Examples of how to evaluate if two faces match each other modulo a given similarity transformation, in the evaluation of the extent to which the set of axis systems of the second value of the predetermined shape descriptor matches the set of axis systems of the first value of the predetermined shape descriptor may be evaluated, are now provided. In an example, this evaluation is performed in a predetermined way for a given similarity transformation type (referring to the similarity types mentioned earlier). This internal characteristic of the software/system allows a refined management of the different potential types of similarity types. This is explained below, together with a discussion on examples of how to search different candidate similarities.
Let f, g be two faces respectively equipped with (the same number of) local axis systems S_{1}^{f}, . . . , S_{m}^{f }and S_{1}^{g}, . . . , S_{m}^{g }and support surfaces having the same type. If faces f, g do not have the same number of local axis systems, it means that they do not have the same number of boundary vertices, so they may in an example be considered as not similar to each other and the similarity search is not launched.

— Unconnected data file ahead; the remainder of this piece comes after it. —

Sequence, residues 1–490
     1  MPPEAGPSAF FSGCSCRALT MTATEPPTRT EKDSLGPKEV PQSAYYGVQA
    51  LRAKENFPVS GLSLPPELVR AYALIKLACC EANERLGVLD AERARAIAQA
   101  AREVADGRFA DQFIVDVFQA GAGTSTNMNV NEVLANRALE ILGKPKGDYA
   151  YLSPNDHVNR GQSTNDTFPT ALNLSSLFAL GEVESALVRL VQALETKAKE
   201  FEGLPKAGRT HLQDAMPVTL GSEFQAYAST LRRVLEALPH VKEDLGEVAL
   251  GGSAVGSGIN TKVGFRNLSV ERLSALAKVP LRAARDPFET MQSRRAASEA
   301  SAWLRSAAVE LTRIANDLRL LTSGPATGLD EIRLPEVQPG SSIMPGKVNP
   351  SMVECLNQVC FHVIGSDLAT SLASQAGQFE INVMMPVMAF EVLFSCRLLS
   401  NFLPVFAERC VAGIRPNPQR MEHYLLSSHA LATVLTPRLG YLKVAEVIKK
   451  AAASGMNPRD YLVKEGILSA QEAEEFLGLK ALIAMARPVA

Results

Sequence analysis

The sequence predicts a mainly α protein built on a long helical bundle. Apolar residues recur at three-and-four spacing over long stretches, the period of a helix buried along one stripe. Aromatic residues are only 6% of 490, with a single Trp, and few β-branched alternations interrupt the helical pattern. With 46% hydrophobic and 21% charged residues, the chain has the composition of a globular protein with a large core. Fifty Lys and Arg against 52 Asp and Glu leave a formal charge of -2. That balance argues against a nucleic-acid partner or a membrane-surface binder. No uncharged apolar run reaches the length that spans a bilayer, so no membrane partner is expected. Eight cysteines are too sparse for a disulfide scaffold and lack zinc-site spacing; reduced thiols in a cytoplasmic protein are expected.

An example of searching a similarity is performed through two steps. Firstly, compute the transformations D_{i,j }respectively changing the ith axis system of face f into the jth axis system of face g. Since i,j=1, . . . , m, there exists at most m^{2 }such transformations. This computation depends on the type of the searched transformation: rigid motion, reflection, positive scaling, negative scaling. Secondly, the similarity D* that changes f into g, if any, is to be found among the previously computed D_{i,j}. This second step does not depend on the nature of the transformation.
An example of searching a rigid motion D_{i,j }is now discussed.
Let S_{i}^{f}=(P_{i}^{f}, U_{i}^{f}, V_{i}^{f}, N_{i}^{f}) be the ith axis system of face f and S_{j}^{g}=(P_{j}^{g}, U_{j}^{g}, V_{j}^{g}, N_{j}^{g}) be the jth axis system of face g. The transformation D_{i,j}=(^{R}^{i,j}_{0 }^{T}^{i,j}_{1}) changing S_{i}^{f }into S_{j}^{g }is obtained by computing the following product.
Then, if R_{i,j}R_{i,j}^{T}=I, matrix R_{i,j }is an isometric transformation. If, in addition, det(R_{i,j})=1, then R_{i,j }is a rotation, meaning that D_{i,j }is a rigid motion. Otherwise, D_{i,j }is not a rigid motion.